A recent discussion on Twitter got me thinking again about this naming convention in .NET that I'm not a fan of. Since my most recent contract just ended (hint hint) and my DevOpsDays PDX talk has been presented (also hint hint) I finally have some time to blog again!
This all started out a couple days ago with an innocent question:
Here's where I was introduced to it yesterday morning:
Should you suffix Task-based methods with Async? Yes. https://t.co/PFftsc1r0v— Immo Landwerth (@terrajobst) August 25, 2017
Then this comes in last night:
No.— Damian Hickey (@randompunter) August 25, 2017
Suffix non-task based methods with Sync.
And if your API is mixed sync and async, it is probably broken. https://t.co/tz0pDS5AID
Essentially, the discussion comes down to this: which of the following is correct?
My preference is definitely the latter, and the reasoning behind it is this:
The name of the method should tell you what the method does. Not how it works; what it does.
The rest of the signature tells you how it works: the accessibility level, the return type, the parameters, ..., that it's asynchronous.
It's the same reason we don't use Hungarian notation anymore (its original usefulness aside, given later rampant abuse). Having a great type system, and tools that allow us to easily determine and work with those types, has removed the need to shoehorn that information redundantly into the name.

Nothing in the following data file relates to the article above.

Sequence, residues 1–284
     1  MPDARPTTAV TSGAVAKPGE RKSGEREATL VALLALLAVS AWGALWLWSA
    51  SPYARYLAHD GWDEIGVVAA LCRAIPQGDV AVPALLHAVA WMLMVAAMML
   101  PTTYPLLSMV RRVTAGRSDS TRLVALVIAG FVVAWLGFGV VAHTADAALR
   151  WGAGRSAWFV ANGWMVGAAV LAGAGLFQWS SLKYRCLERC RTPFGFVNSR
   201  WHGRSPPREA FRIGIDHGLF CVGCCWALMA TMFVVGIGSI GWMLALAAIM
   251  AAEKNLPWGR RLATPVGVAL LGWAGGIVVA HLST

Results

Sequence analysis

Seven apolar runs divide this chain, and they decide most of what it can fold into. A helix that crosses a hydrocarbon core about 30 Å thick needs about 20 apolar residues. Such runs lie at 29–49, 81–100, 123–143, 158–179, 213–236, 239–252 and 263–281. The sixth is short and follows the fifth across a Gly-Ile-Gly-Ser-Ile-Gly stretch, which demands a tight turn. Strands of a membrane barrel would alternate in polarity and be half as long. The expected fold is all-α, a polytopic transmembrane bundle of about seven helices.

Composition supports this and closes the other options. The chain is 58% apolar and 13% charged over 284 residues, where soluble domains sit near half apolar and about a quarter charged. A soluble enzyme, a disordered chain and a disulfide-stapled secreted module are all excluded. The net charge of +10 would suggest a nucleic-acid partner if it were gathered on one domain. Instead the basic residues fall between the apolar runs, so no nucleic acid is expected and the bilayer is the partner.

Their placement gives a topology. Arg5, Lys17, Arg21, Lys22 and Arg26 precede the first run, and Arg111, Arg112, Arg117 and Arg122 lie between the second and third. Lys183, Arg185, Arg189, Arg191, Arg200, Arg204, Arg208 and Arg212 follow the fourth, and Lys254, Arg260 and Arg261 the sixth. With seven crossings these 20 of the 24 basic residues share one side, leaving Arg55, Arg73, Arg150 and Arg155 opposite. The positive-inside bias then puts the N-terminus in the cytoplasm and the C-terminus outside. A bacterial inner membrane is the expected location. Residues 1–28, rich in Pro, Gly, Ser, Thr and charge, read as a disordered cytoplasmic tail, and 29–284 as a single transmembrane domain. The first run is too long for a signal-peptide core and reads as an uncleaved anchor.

The same goes for async: we've got a keyword for it, take it out of the name. If your tools don't allow you to easily see that it's async, get (or make) better tools.
Great, so we've decided this is best:
But what if you've got a class that does both synchronous and asynchronous versions of the same methods?
Stop right there, go back to Damian's tweet, and read the last sentence again.
No, actually do it.
If your API is mixed sync and async, it is probably broken.
Update @ 8:15pm: Clarification — my own stance is a little more conservative, replacing "broken" with "not ideally designed."
The "correct" architecture is the following:
"Hold up!" you say. "Isn't that the exact same as what you were talking about before? Where'd the synchronous one go?"
If the job of getting a number is inherently asynchronous, that should be the default implementation. Making a synchronous version of the same thing is either a workaround for consumers without an async context, or else it should be deprecated because that was the old way of doing it. If the synchronous version doesn't need to exist at all, remove it. If you absolutely need both a synchronous and asynchronous version, they belong in separate classes.
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